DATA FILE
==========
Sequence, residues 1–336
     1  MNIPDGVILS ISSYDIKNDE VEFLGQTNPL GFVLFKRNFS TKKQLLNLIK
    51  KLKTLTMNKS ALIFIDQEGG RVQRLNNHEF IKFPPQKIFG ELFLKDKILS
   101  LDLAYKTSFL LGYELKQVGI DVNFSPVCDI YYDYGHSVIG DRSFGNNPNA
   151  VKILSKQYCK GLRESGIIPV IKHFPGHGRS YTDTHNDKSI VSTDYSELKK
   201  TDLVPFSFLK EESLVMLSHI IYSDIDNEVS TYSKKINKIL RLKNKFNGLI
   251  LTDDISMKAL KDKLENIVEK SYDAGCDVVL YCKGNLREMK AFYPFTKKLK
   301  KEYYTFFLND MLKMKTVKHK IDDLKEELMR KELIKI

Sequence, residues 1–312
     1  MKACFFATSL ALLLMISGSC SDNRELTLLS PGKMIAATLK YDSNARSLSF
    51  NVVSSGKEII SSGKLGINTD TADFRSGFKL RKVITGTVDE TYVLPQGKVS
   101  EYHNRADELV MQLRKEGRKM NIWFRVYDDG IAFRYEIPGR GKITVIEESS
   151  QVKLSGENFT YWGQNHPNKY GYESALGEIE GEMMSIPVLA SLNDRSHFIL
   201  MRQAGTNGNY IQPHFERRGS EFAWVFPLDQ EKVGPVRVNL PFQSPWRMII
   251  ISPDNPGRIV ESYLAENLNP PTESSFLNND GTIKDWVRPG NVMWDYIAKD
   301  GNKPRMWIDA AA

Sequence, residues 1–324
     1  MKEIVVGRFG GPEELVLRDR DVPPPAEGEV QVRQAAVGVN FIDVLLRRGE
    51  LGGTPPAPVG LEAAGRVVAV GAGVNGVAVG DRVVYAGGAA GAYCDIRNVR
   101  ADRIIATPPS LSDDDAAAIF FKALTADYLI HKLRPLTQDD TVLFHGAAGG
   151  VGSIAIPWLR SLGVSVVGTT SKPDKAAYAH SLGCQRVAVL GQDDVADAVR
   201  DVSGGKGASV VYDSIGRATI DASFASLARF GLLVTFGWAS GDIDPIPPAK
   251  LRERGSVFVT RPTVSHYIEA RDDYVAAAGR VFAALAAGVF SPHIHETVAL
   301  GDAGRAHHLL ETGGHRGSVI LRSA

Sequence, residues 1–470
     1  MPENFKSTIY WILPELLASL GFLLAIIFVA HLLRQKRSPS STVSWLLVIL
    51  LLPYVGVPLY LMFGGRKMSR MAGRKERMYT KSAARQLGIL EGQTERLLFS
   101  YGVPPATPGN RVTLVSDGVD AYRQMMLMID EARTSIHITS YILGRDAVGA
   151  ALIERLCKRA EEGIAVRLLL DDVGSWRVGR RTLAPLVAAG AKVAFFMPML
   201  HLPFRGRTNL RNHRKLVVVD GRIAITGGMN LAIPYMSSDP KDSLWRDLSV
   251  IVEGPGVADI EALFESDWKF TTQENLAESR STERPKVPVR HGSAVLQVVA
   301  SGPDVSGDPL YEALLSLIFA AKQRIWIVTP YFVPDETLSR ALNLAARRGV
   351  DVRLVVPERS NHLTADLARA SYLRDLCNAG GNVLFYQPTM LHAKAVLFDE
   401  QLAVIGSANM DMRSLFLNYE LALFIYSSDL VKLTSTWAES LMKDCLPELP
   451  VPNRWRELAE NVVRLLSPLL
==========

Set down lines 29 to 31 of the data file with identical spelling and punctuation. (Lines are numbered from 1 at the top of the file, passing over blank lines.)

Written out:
   151  ALIERLCKRA EEGIAVRLLL DDVGSWRVGR RTLAPLVAAG AKVAFFMPML
   201  HLPFRGRTNL RNHRKLVVVD GRIAITGGMN LAIPYMSSDP KDSLWRDLSV
   251  IVEGPGVADI EALFESDWKF TTQENLAESR STERPKVPVR HGSAVLQVVA